Sandwell college at centre of police investigation. Steve Hook reports
Fraud squad detectives have raided eight addresses in a carefully-planned operation following allegations that a college was duped into paying millions of pounds for training which never took place.
FE Focus has learned that private training companies are accused of defrauding Sandwell College, in Smethwick, West Midlands, by making bogus claims for tuition that was not provided under a franchise agreement.
Franchising became popular under the Further Education Funding Council - the sector's paymaster until the Learning and Skills Council took over in 2001.
Police say they acted on a tip-off from the LSC after irregularities were spotted by staff at Sandwell. Detectives were this week combing the hard disks of college computers - although the college and its staff are not under suspicion.
The investigation is being led by Detective Inspector Dave Churchill, of the economic crime unit. He said: "This is an ongoing investigation and my officers will be carrying out further inquiries over the next few months."
No arrests have been made.
Allegations of corruption in the world of post-16 are familiar territory to Mr Churchill. Already, his officers are busy looking into claims that fraud worth millions of pounds took place through the ill-fated Individual Learning Accounts scheme, ultimately scrapped by ministers.
The LSC, the ultimate source of the cash allegedly stolen from Sandwell, says it continues to work with police to evaluate the material they have obtained.
A spokesman for the LSC said police had taken a "large quantity" of documents and computers. These were seized in raids on "four domestic and four business premises" last Friday.
The spokesman added: "It is our routine procedure to alert the police when allegations of misuse of public funds arise. We will be fully assisting the police in their investigation, and cannot comment further at this stage."
The college's website says it has more than 40 partners providing "franchise and community provision" at more than 100 venues in the Black Country.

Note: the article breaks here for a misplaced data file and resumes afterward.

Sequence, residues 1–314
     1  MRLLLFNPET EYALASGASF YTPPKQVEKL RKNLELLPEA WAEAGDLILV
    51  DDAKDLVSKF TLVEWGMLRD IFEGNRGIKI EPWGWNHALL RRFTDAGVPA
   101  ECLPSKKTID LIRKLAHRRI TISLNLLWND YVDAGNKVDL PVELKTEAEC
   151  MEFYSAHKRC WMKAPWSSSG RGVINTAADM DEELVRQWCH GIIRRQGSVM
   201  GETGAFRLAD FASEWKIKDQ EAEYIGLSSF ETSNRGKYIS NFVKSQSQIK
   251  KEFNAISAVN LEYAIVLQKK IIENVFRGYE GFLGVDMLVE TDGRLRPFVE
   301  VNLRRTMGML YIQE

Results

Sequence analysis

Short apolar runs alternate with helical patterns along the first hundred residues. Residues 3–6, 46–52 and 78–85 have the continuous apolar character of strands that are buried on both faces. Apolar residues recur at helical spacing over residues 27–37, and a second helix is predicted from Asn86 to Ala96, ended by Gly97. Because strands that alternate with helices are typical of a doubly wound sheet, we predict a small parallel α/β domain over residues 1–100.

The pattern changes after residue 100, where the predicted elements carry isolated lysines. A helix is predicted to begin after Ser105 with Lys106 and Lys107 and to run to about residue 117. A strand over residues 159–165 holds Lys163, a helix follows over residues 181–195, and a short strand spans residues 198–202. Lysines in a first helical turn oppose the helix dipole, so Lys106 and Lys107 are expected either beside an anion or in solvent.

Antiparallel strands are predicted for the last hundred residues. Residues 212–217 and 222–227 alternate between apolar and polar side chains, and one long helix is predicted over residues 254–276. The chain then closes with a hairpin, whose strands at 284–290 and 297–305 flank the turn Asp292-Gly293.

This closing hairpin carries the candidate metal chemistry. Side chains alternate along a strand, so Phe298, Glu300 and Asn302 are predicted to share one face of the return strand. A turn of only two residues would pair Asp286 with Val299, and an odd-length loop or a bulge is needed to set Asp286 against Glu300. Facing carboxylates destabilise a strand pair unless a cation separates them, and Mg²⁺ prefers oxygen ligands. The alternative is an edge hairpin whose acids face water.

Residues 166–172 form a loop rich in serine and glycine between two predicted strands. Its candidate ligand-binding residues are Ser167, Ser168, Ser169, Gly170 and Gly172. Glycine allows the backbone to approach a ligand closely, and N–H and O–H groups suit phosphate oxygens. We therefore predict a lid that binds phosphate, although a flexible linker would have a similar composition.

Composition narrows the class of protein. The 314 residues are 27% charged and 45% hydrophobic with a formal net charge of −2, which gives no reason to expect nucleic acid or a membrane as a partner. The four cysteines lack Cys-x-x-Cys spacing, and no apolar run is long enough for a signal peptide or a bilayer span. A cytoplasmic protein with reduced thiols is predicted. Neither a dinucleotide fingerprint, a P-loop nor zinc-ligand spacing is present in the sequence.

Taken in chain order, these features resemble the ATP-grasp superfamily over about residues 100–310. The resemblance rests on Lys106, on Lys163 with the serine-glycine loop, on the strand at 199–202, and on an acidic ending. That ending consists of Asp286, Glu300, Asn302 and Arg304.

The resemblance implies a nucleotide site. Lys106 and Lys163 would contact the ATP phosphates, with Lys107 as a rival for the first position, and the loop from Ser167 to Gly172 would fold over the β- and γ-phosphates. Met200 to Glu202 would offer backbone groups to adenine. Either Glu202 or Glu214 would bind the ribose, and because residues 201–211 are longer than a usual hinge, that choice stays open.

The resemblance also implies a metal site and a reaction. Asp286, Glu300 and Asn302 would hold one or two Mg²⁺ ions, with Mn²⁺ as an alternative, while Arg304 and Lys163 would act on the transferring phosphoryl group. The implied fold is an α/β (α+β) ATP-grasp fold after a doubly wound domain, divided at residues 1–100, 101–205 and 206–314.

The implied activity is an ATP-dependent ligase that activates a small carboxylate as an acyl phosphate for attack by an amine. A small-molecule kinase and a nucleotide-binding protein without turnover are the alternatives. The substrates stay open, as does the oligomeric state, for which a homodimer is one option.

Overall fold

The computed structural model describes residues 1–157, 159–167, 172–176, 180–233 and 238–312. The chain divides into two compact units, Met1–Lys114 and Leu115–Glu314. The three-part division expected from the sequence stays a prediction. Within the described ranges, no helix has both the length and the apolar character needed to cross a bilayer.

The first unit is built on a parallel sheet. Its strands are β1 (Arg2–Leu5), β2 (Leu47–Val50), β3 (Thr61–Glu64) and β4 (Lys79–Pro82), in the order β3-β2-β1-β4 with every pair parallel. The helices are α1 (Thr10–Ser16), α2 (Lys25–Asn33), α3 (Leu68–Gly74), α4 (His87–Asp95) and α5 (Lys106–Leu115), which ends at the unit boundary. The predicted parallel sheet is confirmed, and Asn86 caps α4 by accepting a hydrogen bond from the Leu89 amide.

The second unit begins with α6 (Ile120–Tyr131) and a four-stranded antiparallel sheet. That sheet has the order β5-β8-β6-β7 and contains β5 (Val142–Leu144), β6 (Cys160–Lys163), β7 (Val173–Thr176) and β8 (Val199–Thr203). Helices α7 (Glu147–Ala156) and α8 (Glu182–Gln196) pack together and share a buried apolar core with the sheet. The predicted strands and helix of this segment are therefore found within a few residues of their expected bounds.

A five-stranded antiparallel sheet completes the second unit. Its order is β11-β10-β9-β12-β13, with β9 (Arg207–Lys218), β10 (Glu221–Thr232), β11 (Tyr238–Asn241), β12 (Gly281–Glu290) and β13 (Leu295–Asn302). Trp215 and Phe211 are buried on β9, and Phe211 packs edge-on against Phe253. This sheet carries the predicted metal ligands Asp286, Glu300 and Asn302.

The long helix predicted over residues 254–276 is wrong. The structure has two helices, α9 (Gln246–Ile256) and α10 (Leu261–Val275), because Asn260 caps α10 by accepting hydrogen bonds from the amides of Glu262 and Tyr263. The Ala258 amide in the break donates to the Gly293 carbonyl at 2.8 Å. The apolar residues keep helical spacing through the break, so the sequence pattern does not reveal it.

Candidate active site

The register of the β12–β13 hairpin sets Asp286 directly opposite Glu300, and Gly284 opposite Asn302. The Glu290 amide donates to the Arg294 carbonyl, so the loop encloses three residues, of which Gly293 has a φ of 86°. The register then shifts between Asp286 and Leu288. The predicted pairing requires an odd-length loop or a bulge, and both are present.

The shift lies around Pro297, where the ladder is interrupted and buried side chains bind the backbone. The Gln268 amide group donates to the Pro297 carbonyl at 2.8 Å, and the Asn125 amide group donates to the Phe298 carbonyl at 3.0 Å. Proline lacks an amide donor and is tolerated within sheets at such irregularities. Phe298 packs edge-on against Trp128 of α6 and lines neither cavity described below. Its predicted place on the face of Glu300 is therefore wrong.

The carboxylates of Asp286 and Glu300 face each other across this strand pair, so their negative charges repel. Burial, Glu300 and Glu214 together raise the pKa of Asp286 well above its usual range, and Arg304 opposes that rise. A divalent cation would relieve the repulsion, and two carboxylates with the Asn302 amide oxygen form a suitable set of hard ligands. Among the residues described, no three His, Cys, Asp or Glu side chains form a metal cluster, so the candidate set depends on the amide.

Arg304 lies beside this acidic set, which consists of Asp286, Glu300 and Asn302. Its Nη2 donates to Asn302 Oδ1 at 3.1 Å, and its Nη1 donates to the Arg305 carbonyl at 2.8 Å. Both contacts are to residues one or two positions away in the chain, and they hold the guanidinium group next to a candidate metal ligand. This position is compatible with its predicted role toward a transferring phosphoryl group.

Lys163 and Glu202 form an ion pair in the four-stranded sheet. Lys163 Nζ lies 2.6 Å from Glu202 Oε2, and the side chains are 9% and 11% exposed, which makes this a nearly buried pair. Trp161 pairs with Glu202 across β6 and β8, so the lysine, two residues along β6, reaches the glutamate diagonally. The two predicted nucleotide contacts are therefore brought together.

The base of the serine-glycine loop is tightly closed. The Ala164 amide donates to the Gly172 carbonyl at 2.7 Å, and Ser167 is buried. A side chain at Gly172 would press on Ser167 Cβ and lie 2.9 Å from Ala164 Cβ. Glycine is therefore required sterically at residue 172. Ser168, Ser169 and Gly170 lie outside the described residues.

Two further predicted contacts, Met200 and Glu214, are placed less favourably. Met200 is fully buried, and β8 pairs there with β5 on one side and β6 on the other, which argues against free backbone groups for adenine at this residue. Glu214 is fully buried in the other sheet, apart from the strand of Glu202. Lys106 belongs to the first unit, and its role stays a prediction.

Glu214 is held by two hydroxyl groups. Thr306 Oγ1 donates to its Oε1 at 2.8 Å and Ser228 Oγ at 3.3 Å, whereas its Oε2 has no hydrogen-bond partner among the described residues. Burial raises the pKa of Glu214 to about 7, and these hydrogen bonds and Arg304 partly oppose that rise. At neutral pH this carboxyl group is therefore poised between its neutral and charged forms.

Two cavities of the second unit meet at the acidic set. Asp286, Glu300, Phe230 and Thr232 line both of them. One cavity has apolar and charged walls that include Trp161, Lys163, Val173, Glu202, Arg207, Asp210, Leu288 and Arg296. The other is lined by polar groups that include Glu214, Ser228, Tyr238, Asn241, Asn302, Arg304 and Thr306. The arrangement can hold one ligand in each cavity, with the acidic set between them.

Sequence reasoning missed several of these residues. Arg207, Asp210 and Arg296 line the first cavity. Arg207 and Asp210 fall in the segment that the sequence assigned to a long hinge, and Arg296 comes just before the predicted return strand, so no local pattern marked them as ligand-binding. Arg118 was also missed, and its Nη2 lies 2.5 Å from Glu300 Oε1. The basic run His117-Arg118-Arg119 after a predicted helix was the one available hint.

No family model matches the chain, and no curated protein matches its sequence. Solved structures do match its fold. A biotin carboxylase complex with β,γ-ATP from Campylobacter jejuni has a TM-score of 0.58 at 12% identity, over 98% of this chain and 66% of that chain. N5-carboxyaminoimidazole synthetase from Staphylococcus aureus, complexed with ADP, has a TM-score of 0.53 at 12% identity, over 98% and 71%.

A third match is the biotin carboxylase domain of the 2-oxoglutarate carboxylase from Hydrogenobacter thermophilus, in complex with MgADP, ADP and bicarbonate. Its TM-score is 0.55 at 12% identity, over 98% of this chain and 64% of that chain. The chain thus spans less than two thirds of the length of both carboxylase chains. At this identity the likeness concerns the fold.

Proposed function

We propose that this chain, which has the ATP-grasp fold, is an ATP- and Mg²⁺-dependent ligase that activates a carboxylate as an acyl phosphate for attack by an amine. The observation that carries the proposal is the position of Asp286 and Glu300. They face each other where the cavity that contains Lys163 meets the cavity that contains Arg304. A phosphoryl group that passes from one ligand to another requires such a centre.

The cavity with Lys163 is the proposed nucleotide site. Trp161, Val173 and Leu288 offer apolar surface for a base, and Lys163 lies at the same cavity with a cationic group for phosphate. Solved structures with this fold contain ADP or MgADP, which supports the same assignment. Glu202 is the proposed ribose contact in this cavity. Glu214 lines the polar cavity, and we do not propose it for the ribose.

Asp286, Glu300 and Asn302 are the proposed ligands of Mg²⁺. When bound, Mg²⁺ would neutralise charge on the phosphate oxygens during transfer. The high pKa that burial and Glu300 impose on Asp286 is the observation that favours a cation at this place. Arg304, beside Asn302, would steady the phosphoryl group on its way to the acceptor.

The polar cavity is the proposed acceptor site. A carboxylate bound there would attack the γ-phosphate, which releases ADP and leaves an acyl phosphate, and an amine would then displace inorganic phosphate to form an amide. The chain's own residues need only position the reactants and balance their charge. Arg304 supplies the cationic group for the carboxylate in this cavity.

Val Bailey, Sandwell's principal, said "We are working closely with the national LSC and police relating to allegations of fraud."
It appears that irregularities at the college escaped the attention of the Office for Standards in Education during its inspection in March. The resulting report, published only two months ago, said: "The clear policies and procedures for quality assurance activities, which include franchise provision, are supported by regular internal audits."
Franchising, which contributed to an unprecedented expansion in colleges'
business and was actively encouraged by ministers, has since been widely discredited as a method of driving up student numbers without sufficient quality controls.
Sandwell's financial difficulties led to the expansion of franchising at the college. Contracting-out was seen as a way of making up for losses caused by the college's failure to meet targets in other areas.
The Ofsted report adds: "There has been insufficient progress in improving student achievement, some retention rates and the quality of ICT.
Curriculum management in some areas is unsatisfactory.
It adds: "The college faces financial pressure arising from the difficulty it experiences in meeting its funding targets."